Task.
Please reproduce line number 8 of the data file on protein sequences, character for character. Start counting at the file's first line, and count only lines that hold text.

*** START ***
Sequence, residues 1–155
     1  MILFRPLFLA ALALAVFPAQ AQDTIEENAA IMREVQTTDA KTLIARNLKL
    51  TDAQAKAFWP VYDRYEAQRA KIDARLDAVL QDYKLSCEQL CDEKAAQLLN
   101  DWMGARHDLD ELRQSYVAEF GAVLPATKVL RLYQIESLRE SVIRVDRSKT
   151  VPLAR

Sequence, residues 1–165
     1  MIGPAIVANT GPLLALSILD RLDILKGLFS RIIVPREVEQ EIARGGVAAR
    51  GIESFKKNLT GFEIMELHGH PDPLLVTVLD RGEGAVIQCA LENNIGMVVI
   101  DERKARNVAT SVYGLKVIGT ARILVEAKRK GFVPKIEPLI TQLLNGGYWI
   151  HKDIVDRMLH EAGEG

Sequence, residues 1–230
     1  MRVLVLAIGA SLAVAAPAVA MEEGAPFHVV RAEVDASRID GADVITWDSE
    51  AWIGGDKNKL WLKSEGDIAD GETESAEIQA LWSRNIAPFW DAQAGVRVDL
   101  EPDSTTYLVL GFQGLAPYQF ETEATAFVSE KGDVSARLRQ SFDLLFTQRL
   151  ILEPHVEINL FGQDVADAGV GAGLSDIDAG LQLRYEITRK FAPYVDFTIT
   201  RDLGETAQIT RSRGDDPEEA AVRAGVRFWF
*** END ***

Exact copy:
    51  GIESFKKNLT GFEIMELHGH PDPLLVTVLD RGEGAVIQCA LENNIGMVVI